This allows tracking the in-memory type of a pointer argument to a
function for ABI purposes. This is essentially a stripped down version
of byval to remove some of the stack-copy implications in its
My original attempt at solving some of these problems was to repurpose
byval with a different address space from the stack. However, it is
technically permitted for the callee to introduce a write to the argument,
although nothing does this in reality. There is also talk of removing
and replacing the byval attribute, so a new attribute would need to
take its place anyway.
I went with the name inmem to mirror inreg. Other name ideas I had are
"indirect", "abitype", or "pointee". One question I have is whether
this attribute is necessary, or if the definition of preallocated can
be refined to fit this case. The current description is heavy on what
it means for the call site, but I didn't understand the implications
for the callee. For the amdgpu_kernel use case, calls are illegal so
all of the details about call setup are irrelevant.
This is intended avoid some optimization issues with the current
handling of aggregate arguments, as well as fixes inflexibilty in how
frontends can specify the kernel ABI. The most honest representation
of the amdgpu_kernel convention is to expose all kernel arguments as
loads from constant memory. Today, these are raw, SSA Argument values
and codegen is responsible for turning these into loads.
There currently isn't a satisfactory way to represent how arguments
for the amdgpu_kernel calling convention are passed. In reality,
arguments are passed in a single, flat, constant memory buffer
implicitly passed to the function. It is also illegal to call this
function in the IR, and this is only ever invoked by a driver of some
It does not make sense to have a stack passed parameter in this
context as is implied by byval. It is never valid to write to the
kernel arguments, as this would corrupt the inputs seen by other
dispatches of the kernel. These argumets are also not in the same
address space as the stack, so a copy is needed to an alloca. From a
source C-like language, the kernel parameters are invisible.
Semantically, a copy is always required from the constant argument
memory to a mutable variable.
The current clang calling convention lowering emits raw values,
including aggregates into the function argument list, since using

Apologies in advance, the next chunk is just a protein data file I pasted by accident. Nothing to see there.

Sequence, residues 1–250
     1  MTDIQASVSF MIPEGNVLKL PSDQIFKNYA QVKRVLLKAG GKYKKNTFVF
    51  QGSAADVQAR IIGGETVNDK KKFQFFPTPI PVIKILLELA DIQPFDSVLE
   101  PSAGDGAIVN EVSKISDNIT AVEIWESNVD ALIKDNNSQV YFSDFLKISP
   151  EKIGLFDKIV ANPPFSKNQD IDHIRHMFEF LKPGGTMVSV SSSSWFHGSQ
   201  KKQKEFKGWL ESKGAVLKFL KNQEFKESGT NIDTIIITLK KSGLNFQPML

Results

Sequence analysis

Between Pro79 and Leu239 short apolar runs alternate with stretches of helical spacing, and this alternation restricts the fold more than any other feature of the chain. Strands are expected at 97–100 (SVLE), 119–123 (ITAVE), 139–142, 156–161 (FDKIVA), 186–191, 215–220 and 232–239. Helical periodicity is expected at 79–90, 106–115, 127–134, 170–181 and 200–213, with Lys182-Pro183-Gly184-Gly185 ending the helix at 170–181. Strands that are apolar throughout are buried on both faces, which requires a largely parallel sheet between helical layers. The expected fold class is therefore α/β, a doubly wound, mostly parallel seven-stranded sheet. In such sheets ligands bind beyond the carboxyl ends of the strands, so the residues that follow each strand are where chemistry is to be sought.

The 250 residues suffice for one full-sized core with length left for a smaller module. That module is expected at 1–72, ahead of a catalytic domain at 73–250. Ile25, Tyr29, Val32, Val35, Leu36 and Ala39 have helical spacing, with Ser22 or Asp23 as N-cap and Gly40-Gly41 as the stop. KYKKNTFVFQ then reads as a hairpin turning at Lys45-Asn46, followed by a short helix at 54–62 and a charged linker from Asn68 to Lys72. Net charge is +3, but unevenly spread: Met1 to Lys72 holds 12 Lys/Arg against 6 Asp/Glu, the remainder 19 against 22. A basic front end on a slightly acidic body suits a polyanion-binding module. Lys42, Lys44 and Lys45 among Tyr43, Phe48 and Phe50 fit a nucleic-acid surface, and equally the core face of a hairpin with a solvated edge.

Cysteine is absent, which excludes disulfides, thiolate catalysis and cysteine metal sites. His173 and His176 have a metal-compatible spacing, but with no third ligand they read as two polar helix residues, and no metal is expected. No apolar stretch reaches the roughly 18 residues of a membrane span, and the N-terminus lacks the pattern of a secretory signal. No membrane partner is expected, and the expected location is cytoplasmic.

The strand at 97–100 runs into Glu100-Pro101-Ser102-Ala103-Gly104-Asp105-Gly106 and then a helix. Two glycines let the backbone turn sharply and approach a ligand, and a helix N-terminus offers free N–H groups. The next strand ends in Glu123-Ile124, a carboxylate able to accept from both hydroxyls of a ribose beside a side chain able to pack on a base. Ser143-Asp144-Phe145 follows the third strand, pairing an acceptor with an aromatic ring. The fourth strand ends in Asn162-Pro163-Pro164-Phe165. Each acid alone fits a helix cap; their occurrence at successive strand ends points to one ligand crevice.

byval would not make sense. This has some unfortunate consequences for
the optimizer. In the aggregate case, we end up with an aggregate
store to alloca, which both SROA and instcombine turn into a store of
each aggregate field. The optimizer never pieces this back together to
see that this is really just a copy from constant memory, so we end up
stuck with expensive stack usage.
This also means the backend dictates the alignment of arguments, and
arbitrarily picks the LLVM IR ABI type alignment. By allowing an
explicit alignment, frontends can make better decisions. For example,
there's real no advantage to an aligment higher than 4, so a frontend
could choose to compact the argument layout. Similarly, there is a
high penalty to using an alignment lower than 4, so a frontend could
opt into more padding for small arguments.
Another design consideration is when it is appropriate to expose the
fact that these arguments are all really passed in adjacent
memory. Currently we have a late IR optimization pass in codegen to
rewrite the kernel argument values into explicit loads to enable
vectorization. In most programs, unrelated argument loads can be
merged together. However, exposing this property directly from the
frontend has some disadvantages. We still need a way to track the
original argument sizes and alignments to report to the driver. I find
using some side-channel, metadata mechanism to track this
unappealing. If the kernel arguments were exposed as a single buffer
to begin with, alias analysis would be unaware that the padding bits
betewen arguments are meaningless. Another family of problems is there
are still some gaps in replacing all of the available parameter
attributes with metadata equivalents once lowered to loads.
The immediate plan is to start using this new attribute to handle all
aggregate argumets for kernels. Long term, it makes sense to migrate
all kernel arguments, including scalars, to be passed indirectly in
the same manner.
Additional context is in D79744.